Not that likely that they would be doing 5250 development at that time but
using RPG for back-end "grunt" work for a different UI is still a very
good option and possibly however.

Tommy Holden

From: John Yeung <gallium.arsenide@xxxxxxxxx>
To: Midrange Systems Technical Discussion <midrange-l@xxxxxxxxxxxx>
Date: 12/06/2014 05:12 PM
Subject: Re: how to determine cost savings based on resource
Sent by: "MIDRANGE-L" <midrange-l-bounces@xxxxxxxxxxxx>

On Thu, Dec 4, 2014 at 4:48 PM, <Tommy.Holden@xxxxxxxxxxxxxxxxxxxxx>
Also there is the future issue of the company having to replace me when
they kick me out of the door or I retire. Finding a qualified candidate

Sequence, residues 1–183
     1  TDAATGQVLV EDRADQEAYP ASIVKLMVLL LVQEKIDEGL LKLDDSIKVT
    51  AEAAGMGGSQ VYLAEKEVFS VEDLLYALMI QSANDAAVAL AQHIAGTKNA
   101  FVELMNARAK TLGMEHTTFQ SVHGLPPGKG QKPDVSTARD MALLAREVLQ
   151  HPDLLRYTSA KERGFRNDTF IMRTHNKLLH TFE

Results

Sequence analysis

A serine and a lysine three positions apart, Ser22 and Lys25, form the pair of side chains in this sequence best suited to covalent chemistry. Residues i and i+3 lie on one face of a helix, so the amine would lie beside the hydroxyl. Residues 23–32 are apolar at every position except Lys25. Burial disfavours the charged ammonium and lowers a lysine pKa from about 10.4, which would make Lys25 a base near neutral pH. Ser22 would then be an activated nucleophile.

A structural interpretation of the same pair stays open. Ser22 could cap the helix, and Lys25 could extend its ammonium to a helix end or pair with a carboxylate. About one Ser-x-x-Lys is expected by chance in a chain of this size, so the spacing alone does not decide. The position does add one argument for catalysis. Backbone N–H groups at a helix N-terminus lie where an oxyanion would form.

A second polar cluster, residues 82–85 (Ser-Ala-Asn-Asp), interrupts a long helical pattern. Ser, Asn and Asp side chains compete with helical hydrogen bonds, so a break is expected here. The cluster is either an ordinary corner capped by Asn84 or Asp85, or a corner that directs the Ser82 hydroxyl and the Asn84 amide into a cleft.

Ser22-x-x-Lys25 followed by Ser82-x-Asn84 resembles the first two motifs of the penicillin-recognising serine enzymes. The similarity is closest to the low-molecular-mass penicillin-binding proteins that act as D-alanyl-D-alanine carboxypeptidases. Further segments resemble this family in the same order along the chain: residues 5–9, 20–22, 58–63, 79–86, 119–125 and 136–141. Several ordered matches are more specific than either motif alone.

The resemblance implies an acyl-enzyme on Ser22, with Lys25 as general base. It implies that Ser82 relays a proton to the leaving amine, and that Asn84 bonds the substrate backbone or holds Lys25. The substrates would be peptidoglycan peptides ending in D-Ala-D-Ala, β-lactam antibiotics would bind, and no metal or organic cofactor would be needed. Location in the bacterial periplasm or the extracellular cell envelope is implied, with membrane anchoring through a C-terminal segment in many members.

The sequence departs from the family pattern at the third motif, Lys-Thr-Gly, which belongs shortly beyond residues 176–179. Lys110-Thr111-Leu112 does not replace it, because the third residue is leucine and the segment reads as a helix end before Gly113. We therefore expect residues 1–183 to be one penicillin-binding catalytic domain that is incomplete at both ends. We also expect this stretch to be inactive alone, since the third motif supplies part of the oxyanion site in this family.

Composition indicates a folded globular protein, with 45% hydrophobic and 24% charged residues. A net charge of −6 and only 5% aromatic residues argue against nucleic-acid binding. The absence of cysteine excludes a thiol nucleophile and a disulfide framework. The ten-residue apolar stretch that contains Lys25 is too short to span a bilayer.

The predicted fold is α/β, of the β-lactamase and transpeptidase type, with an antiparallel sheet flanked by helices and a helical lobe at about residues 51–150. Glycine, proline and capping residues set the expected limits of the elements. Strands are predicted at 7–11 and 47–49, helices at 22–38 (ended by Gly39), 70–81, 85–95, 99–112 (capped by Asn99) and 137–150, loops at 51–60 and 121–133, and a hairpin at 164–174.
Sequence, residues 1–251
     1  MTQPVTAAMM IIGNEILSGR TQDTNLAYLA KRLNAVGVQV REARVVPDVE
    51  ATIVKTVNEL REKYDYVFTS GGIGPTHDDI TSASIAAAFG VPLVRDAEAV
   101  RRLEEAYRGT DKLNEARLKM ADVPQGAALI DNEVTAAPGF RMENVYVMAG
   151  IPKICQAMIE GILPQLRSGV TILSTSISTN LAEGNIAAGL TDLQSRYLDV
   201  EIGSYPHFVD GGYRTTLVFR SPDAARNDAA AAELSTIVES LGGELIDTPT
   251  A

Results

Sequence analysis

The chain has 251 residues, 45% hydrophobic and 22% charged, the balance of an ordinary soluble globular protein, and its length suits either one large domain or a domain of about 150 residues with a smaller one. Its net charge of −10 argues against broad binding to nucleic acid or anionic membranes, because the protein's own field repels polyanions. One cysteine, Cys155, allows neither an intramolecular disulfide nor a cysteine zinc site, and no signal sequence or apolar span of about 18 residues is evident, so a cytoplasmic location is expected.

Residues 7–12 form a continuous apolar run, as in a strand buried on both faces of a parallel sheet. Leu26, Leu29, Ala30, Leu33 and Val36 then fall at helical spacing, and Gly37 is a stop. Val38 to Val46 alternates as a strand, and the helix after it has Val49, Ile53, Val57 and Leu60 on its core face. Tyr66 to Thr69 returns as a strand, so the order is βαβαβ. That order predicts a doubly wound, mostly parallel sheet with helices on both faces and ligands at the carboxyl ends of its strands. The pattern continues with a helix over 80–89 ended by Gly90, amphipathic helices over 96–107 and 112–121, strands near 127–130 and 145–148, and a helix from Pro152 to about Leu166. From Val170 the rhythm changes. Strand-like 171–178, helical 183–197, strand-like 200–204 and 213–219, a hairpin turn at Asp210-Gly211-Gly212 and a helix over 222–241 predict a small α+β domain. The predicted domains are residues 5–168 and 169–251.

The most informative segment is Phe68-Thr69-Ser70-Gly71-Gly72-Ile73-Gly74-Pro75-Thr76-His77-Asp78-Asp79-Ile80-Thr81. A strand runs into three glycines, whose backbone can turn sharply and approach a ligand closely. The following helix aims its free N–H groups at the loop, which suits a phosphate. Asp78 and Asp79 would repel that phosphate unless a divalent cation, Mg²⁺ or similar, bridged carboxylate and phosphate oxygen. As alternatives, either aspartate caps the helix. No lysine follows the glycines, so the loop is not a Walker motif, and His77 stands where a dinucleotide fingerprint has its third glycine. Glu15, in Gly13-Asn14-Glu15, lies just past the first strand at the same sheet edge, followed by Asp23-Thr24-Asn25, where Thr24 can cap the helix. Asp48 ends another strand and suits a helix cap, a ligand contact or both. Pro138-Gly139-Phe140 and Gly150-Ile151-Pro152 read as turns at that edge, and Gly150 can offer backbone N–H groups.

that knows and is willing to write, maintain "obsolete" methods of RPG
will be a nightmare if not impossible.

I don't share this view. RPG is just not that hard a language to
learn. It's not a mind-bending language. Honestly, any competent
programmer should be able to pick up enough RPG in a matter of weeks
(if not days) to be able to start productively contributing to
maintenance. It may take somewhat longer for them to become fluent
enough to write new code, particularly complex 5250 green screens.
(And how sad would it be if your company is still looking to develop
brand-new 5250 code when you retire?)

John Y.

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